> Android and iOS have a lot of random icons on a page, ala 1995.
I wanted to answer this separately. For iOS, this appears to be true. For Android, it depends on the user. Android supports alternate desktops and widgets. I make use of several widgets -- one scrollable widget for agenda, one that gives time date and (because I motorcycle whenever possible) weather, and a few others. These update themselves and display new information as it occurs, kinda like Windows tiles, but not as ugly. ("Not as ugly" being partially defined as supporting transparency and non-rectangular shapes.) Sorry, I never got used to the flat rectangular splotches of color used by Win8 and later. That reminded me too much of the Microsoft's Windows 3.1 interface circa 1992. Since we're talking about old interfaces.
My daughter went to an art magnet school, and she said that among the more art-oriented students, Android was a big win over iOS because the Android phone desktop was customizable -- you could make them your own -- whereas every i-phone looked and operated like every other i-phone. I can't comment on Windows Phone. I've only ever seen two units in the wild.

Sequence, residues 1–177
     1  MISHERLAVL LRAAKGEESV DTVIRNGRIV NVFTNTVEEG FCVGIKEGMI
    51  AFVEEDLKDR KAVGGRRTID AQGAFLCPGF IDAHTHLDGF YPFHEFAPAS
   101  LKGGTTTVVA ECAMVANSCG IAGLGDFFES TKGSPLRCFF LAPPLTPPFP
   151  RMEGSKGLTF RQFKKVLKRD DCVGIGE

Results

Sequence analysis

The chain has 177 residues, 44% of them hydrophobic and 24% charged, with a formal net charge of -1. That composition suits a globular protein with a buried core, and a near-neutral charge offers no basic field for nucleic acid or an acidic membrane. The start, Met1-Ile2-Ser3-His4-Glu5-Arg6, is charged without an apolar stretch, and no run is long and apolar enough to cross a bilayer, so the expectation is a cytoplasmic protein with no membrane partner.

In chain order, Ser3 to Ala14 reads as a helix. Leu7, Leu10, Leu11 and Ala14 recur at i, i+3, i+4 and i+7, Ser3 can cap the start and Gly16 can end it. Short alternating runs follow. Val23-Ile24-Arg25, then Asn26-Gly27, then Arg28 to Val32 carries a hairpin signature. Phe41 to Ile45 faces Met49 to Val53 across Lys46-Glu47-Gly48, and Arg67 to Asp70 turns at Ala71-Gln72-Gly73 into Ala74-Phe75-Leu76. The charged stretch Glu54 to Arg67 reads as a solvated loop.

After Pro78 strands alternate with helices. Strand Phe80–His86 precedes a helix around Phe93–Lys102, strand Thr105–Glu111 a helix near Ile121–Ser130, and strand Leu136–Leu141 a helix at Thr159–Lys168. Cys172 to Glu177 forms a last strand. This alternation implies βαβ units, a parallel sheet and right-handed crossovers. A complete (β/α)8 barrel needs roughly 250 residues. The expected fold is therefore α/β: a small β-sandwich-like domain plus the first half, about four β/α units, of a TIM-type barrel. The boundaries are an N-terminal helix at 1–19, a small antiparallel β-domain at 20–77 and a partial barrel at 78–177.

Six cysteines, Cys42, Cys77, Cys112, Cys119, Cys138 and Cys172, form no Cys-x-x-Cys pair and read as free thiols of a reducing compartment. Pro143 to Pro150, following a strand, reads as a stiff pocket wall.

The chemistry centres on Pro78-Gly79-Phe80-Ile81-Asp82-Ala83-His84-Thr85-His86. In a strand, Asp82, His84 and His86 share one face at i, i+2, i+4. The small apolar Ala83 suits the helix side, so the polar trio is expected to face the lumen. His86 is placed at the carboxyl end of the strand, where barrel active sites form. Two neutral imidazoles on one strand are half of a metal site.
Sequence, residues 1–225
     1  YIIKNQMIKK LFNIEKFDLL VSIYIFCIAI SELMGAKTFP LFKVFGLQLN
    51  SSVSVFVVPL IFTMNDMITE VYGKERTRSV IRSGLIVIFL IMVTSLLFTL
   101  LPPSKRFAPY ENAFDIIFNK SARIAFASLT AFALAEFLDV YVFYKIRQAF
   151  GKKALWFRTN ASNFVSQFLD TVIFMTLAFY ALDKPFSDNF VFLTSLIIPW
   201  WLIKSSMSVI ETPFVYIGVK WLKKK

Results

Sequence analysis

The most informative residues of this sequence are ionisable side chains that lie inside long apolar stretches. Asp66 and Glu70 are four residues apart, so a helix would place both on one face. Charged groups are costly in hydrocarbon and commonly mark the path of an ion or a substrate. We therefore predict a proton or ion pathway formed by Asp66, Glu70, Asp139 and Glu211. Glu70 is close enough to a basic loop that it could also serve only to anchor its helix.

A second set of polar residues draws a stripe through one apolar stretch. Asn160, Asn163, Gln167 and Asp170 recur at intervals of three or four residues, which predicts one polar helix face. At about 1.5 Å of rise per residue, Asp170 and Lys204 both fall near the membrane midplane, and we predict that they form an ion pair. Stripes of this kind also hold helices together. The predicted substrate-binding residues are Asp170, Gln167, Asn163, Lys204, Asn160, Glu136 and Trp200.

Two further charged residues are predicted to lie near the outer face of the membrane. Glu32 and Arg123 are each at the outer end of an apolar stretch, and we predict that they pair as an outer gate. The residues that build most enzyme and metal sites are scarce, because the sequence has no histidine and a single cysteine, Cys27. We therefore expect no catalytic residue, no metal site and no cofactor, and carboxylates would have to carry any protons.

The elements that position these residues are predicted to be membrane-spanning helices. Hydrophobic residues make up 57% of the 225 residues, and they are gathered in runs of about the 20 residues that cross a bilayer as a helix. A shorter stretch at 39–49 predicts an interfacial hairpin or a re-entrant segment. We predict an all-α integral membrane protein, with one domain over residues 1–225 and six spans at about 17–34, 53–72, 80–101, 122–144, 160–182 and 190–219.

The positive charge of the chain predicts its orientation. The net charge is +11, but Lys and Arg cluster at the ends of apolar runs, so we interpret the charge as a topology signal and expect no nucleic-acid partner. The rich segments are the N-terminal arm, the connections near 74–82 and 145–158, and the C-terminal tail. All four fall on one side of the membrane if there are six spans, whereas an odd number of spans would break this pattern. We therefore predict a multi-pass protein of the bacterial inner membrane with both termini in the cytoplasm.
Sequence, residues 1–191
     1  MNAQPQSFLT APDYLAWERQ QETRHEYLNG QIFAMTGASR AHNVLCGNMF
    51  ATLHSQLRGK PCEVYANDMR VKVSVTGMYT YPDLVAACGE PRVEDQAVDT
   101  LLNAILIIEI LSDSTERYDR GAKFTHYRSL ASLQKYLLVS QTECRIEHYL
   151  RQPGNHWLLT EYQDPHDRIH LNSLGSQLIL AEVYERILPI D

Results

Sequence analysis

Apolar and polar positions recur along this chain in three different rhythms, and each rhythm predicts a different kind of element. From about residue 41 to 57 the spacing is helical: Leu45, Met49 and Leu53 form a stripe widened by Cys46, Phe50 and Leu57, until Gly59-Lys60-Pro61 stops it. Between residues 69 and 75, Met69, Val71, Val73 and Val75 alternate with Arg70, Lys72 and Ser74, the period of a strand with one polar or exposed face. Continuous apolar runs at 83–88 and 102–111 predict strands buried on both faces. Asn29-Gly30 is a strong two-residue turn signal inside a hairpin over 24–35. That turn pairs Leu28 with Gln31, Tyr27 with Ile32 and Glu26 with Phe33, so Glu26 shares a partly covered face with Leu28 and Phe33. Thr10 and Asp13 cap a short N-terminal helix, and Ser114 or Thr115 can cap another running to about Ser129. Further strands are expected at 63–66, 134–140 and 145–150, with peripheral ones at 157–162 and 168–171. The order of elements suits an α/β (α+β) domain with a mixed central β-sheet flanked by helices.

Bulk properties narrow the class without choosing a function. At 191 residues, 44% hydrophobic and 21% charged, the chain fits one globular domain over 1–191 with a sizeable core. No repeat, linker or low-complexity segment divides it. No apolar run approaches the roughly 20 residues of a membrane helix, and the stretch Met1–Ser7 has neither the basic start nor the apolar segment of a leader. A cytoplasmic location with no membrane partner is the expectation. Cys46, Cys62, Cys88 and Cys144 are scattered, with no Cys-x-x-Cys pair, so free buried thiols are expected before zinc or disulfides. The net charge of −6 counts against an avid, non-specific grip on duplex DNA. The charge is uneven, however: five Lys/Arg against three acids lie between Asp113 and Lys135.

Be that as it may, Android isn't perfect (Blackberry still has far superior keyboards) but it's good enough, and it has a reasonably rich ecosystem . Whereas I just can't take a chance on Windows anymore, and I can't bring myself to drink the Apple kool-aid.
 I submit that you don't need to only choose phones with "the richest ecosystem" but it's important to be rich and varied enough for you to find the apps you need. So, for instance, even with Microsoft's skimpy ecosystem, if it has the apps you need, it's rich enough. If it doesn't, it's not.